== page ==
11. 11. For the BET isotherm we can arrange the isotherm equation to get: Ce K B −1 C e 1 = ⋅ + (C S − C e ) ⋅ q e K B ⋅ Q 0 CS K B ⋅ Q 0 a a 1 Intercept = K B ⋅ Q0 a KB − 1 0 Slope = K B ⋅ Q a ⋅ Cs
  12. 12. Simplified method● 1-point method  simplefied BET assuming value of C ≈ 100 (usually the case), gives p 1 C −1 p p = + ⋅ ≈ va ( p0 − p) vm ⋅ C vm ⋅ C p0 vm ⋅ p0 va ⋅ ( p0 − p) v m = p0  usually choose p/p0 ≈ 0,15  method underestimates the surface area by approx. 5%.
  13. 13. ADSORPTION ON SOLID SURFACE Summary of adsorption isothermsName Isotherm equation Application Cs BP Chemisorption and Useful in analysis ofLangmuir θ= = 0 reaction mechanism C∞ 1 + B0 P physisorptionTemkin θ =c1ln(c2P) Chemisorption Chemisorption Chemisorption and Easy to fit adsorptionFreundlich θ = c1 p 1 / C2 physisorption data P / P0 1 c−1BET = + ( P / P0 ) V ( 1 − P / P0 ) cVm cVm Multilayer physisorption Useful in surface area determination
  14. 14. ADSORPTION ON SOLID SURFACE Five types of physisorption isotherms are found over all solids I  Type I is found for porous materials with small pores e.g. charcoal. It is clearly Langmuir monolayer type, but the other 4 are not II  Type II for non-porous materialsamount adsorbed  Type III porous materials with cohesive force between adsorbate molecules III greater than the adhesive force between adsorbate molecules and adsorbent IV  Type IV staged adsorption (first monolayer then build up of additional layers)  Type V porous materials with cohesive force between adsorbate molecules V and adsorbent being greater than that between adsorbate molecules 1.0 relative pres. P/P0
  15. 15. DETERMINATION OF APPROPRIATE MODELTo determine which model to use to describe theadsorption for a particular adsorbent/adsorbateisotherms experiments are usually run. Data fromthese isotherm experiments are then analyzedusing the following methods that are based onlinearization of the models.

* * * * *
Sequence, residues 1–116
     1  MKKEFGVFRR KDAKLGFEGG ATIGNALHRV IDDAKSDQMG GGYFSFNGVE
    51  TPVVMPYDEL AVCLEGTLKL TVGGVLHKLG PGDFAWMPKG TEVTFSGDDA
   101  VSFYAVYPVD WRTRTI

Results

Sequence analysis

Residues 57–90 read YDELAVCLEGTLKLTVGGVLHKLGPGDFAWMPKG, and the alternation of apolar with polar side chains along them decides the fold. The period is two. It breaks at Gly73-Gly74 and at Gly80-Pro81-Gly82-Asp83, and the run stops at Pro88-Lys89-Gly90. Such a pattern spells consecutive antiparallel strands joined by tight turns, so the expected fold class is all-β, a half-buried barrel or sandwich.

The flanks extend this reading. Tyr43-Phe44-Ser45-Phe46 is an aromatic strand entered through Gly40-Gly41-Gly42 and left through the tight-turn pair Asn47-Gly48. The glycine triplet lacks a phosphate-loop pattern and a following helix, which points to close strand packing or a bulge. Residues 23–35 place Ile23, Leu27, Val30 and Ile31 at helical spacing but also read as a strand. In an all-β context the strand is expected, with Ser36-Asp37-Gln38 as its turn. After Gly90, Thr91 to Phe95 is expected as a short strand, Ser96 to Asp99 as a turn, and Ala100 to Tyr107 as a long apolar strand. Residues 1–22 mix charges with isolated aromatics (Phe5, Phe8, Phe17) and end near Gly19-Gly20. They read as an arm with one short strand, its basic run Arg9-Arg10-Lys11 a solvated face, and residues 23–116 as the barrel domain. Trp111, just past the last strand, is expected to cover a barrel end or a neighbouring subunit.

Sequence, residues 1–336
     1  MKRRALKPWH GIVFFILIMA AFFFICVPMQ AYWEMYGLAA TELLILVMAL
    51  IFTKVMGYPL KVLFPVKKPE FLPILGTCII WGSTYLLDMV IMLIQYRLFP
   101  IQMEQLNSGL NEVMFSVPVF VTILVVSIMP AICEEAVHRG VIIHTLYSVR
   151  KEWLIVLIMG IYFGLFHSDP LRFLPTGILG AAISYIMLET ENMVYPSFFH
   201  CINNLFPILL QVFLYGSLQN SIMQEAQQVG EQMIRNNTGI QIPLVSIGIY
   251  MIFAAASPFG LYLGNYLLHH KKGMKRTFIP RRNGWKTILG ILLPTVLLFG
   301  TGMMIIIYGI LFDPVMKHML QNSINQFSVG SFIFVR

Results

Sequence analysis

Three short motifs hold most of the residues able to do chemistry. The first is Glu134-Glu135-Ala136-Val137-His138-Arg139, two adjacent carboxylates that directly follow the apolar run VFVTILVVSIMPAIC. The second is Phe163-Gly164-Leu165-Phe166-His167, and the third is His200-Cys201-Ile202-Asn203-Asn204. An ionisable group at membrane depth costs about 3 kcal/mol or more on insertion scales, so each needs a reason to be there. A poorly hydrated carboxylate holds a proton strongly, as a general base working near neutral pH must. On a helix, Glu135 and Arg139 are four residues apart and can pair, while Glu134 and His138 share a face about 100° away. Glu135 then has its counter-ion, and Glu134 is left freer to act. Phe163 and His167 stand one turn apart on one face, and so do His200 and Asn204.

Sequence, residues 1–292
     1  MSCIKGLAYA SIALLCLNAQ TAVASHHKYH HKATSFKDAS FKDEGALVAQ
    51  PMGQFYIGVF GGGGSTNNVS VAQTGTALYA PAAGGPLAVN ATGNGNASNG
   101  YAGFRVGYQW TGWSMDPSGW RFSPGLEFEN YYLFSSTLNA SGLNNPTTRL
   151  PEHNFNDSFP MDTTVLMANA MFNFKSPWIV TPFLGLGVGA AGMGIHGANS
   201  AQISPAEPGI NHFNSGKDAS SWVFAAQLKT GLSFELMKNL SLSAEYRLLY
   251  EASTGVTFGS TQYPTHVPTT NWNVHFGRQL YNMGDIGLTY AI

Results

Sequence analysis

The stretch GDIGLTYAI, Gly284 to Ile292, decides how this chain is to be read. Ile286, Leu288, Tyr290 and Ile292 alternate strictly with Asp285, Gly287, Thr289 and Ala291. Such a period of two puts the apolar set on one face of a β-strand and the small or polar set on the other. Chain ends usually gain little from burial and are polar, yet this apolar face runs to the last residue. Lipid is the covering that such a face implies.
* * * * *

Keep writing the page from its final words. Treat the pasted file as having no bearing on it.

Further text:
16. 16. ADSORPTION-DESORPTION HYSTERESIS ● Hysteresis is classified by IUPAC (see fig.) ● Traditionally desorption branch used for calculation ● H1: narrow distribution of mesopores ● H2: complex pore structure, network effects, analysis of desorption loopHandbook misleadingfig 2 s 431  H2: typical for activated carbons ● H3 & 4: no plateau, hence no well- defined mesopore structure, analysis difficult  H3: typical for clays
  17. 17. PORES AND POROUS SOLIDS Pore sizes  micro pores dp <20-50 nm  meso-pores 20nm <dp<200nm  macro pores dp >200 nm  Pores can be uniform (e.g. polymers) or non-uniform (most metal oxides) Pore size distribution  Typical curves to characterise pore size:  Cumulative curve  Frequency curve wt dw dd  Uniform size distribution (a) & ∆wt a non-uniform size distribution (b) a b b ∆d d d Cumulative curve Frequency curve
  18. 18. POROSITY AND PORE SIZE● The pore structure (porosity, pore diameter, pore shape) is important for the catalytic properties  pore diffusion may influence rates  pores may be too small for large molecules to diffuse into● Measurement techniques:  Hg penetration  interpretation of the adsorption - desorption isotherms  electron microscopy techniques
  19. 19. Hg PENETRATION● Based on measuring the volume of a non-wetting liquid forced into the pores by pressure (typically mercury)● Surface tension will hinder the filling of the pores, at a given pressure an equilibrium between the force due to pressure and the surface tension is established: P ⋅ π ⋅ r 2 = −2π ⋅ r ⋅ γ ⋅ cos α where P = pressure of Hg, γ is surface tension and α is the angle of wetting● Common values used: γ = 480 dyn/cm and α= 140° give average pore radius r= 75000 2 [ Å] P[kp / cm ] valid in the range 50 - 50000Å
  20. 20. PORE SIZE DISTRIBUTION● If the Hg-volume is recorded as a function of pressure and this curve is differentiated we can find the pore size distribution function V(r)=dV/dr OT fig 2.3.